UAE markets seen muted as day traders dominate

  • Share via facebook
  • Tweet this
  • Bookmark and Share

Markets in the United Arab Emirates are seen treading water on Tuesday, with little institutional appetite to increase equity exposure ahead of the year-end, leaving retail traders to chase gains in small-cap stocks.

The Dubai and Abu Dhabi benchmarks have weakened over the past month, but still are up 17.6 and 8.7 percent respectively this year, while some of the heavily traded stocks in the index such as Emaar Properties and Arabtec have gained more than 40 percent in 2012

"The low volumes in the market gives an indication that most institutional investors are waiting outside - they are probably happy with the positions they've achieved this year and are trying to lock in some gains," says Mohammed Yasin, managing director of NBAD Securities.

"The individuals in the market are mostly day traders, hence the low volumes."

These traders typically target small-cap stocks trading at less than AED1, he says.

Government changes to telecom sector taxes last week weighed on the shares of operators Etisalat and du, with the latter's slump helping drag the Dubai index below 1,600 points.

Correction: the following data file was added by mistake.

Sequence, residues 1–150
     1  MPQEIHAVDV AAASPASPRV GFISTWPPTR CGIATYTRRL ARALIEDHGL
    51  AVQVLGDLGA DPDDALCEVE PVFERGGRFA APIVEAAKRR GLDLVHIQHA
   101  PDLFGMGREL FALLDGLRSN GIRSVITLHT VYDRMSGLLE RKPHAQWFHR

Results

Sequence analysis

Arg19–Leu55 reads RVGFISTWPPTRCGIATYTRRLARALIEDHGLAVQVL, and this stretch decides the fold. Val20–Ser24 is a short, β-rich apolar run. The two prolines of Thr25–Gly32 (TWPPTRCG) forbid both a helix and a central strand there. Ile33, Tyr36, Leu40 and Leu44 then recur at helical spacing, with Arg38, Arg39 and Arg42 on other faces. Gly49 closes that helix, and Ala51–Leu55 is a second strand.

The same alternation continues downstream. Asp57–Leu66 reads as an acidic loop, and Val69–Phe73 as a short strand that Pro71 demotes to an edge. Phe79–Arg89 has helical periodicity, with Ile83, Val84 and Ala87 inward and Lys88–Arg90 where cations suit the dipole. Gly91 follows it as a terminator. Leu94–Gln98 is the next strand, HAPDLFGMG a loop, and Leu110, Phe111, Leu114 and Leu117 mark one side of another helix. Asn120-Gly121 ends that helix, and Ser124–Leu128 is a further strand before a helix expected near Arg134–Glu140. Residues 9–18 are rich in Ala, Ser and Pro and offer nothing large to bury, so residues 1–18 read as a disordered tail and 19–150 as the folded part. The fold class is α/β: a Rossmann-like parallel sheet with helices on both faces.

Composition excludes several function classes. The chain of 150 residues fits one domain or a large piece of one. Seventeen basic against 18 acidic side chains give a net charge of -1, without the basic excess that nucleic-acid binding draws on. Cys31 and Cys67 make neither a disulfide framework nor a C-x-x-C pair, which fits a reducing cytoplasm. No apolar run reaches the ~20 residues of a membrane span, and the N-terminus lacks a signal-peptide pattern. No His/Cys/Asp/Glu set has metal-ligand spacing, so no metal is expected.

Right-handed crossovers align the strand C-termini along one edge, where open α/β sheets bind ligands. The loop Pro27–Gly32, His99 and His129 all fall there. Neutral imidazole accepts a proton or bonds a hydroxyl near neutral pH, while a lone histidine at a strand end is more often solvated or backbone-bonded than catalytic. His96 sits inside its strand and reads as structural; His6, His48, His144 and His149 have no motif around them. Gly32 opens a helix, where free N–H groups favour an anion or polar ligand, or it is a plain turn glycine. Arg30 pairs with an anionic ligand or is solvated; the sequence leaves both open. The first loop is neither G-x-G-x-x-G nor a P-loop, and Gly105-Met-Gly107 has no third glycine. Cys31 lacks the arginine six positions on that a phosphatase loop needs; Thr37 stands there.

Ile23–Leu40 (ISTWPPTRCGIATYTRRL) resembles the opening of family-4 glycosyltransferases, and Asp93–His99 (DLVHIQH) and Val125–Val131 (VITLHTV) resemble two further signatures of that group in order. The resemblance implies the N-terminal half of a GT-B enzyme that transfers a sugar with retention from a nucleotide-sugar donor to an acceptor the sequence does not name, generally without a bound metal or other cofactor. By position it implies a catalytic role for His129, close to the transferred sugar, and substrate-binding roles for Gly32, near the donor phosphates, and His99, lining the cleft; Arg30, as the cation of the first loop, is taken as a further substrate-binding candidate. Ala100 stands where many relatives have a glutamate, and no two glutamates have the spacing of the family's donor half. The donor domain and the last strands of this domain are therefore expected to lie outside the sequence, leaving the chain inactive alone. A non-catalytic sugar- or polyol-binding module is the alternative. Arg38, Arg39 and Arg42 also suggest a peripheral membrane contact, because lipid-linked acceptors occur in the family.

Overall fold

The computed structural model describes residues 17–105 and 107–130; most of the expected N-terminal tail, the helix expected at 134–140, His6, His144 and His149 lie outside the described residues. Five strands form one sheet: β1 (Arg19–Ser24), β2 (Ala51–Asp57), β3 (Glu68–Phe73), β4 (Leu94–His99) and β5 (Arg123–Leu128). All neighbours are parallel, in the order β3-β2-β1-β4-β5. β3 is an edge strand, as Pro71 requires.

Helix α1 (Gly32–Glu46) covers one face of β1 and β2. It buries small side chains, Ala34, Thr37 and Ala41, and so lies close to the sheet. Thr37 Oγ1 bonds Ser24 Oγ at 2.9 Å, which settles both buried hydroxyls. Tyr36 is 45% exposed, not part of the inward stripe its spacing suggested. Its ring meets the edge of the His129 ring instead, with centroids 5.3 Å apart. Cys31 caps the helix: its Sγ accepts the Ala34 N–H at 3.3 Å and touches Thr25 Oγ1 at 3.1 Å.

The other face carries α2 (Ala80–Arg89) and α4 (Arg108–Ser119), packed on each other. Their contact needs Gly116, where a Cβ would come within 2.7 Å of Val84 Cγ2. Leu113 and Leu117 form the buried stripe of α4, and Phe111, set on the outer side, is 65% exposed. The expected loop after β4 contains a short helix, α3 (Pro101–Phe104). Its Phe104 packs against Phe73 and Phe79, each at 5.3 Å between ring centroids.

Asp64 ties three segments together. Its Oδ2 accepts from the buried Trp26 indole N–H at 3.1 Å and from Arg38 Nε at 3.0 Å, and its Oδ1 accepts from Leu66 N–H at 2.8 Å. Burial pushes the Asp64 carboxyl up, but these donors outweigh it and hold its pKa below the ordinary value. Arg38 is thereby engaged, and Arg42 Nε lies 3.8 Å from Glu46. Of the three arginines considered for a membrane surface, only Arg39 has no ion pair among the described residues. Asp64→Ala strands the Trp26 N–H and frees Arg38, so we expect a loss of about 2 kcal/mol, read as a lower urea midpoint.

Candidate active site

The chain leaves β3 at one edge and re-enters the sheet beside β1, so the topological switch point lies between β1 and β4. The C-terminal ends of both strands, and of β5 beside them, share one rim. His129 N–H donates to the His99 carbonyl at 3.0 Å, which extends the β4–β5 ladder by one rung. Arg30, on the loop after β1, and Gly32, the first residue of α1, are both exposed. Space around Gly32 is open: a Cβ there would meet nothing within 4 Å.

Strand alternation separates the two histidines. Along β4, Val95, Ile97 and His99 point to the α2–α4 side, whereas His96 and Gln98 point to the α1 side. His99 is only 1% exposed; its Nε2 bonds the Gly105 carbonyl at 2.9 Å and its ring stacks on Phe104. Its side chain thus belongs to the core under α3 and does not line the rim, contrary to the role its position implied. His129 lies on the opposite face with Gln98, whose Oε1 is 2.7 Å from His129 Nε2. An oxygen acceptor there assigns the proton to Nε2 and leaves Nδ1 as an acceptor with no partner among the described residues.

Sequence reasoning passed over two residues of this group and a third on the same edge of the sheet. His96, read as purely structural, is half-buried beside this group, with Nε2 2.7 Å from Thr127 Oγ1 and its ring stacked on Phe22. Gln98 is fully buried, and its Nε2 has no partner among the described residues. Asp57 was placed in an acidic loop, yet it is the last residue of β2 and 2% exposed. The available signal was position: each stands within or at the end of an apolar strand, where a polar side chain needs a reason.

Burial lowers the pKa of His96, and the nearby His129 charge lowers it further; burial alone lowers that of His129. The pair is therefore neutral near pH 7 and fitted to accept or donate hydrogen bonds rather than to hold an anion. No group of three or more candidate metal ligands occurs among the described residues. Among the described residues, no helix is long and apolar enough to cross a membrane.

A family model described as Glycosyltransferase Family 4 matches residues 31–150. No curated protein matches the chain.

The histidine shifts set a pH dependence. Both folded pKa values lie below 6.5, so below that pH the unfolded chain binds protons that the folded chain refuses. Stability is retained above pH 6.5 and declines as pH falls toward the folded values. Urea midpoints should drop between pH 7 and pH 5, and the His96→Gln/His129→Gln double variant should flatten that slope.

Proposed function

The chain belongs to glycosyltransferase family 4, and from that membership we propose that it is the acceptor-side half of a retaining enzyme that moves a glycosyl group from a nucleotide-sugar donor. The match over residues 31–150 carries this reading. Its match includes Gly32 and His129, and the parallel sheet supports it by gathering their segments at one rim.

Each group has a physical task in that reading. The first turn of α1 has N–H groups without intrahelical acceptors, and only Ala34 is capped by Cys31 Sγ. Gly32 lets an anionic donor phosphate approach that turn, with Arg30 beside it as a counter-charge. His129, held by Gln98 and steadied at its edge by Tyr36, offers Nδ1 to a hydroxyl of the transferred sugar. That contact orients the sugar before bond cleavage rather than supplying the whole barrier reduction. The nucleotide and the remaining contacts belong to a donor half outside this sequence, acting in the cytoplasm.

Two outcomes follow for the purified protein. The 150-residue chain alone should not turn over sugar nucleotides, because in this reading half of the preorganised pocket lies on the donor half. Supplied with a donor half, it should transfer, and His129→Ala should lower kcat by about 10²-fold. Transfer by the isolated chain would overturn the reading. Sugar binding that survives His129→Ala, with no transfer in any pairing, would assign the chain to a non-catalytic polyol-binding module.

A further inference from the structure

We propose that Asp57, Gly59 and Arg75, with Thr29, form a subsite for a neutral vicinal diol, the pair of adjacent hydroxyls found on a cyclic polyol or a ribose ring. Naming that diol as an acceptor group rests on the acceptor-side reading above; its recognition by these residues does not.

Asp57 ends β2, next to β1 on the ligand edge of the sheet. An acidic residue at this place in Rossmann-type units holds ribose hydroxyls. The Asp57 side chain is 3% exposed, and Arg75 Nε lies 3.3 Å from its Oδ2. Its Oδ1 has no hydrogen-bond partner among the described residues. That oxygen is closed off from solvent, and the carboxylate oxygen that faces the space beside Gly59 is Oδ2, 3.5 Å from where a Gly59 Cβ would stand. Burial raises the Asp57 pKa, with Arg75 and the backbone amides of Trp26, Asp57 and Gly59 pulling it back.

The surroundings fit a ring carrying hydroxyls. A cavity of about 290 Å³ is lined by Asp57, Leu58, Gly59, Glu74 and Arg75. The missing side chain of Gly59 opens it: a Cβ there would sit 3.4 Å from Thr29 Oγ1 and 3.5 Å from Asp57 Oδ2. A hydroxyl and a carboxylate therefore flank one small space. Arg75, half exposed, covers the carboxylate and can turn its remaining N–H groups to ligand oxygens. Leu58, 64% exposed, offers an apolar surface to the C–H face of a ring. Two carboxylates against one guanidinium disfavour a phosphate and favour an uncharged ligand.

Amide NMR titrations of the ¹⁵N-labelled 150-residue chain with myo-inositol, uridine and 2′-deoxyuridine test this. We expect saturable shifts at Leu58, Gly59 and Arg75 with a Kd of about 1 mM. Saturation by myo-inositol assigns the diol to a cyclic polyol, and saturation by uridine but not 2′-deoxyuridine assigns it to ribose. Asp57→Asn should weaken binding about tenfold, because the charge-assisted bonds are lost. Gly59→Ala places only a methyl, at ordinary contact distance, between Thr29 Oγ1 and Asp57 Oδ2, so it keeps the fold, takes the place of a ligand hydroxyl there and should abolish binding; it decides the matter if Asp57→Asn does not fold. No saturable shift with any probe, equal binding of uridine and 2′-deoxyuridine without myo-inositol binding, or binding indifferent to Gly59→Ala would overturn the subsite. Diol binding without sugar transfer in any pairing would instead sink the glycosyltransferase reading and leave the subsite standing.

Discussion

"We're trying to get back above 1,600 again before the year ends - the market will be sideways unless there's a big pick-up in volumes, which would be a surprise," says Yasin.

"There's still some interest in accumulating high dividend yield stocks and I see that continuing, but at a slower pace - it should increase from mid-January as Q4 results start to come in."

These high yield stocks include the two telecom operators, plus Abu Dhabi banks such as First Gulf Bank.

"Abu Dhabi banks are more comfortable in terms of liquidity and less provisions than those in Dubai," Yasin adds.

Related:
Join the Discussion

Disclaimer:The view expressed here by our readers are not necessarily shared by Arabian Business, its employees, sponsors or its advertisers.

Please post responsibly. Commenter Rules

  • No comments yet, be the first!

Enter the words above: Enter the numbers you hear:

All comments are subject to approval before appearing

Further reading

Features & Analysis
Blood on the bourse floor

Blood on the bourse floor

Arabtec’s share price collapse was the catalyst for a huge sell...

Taking stock

Taking stock

Gulf stock markets have seen a dearth of IPOs since the global...

Steering clear of the stock markets

Steering clear of the stock markets

Listing was all the rage three years ago, but IPOs have since...

Most Popular
Most Discussed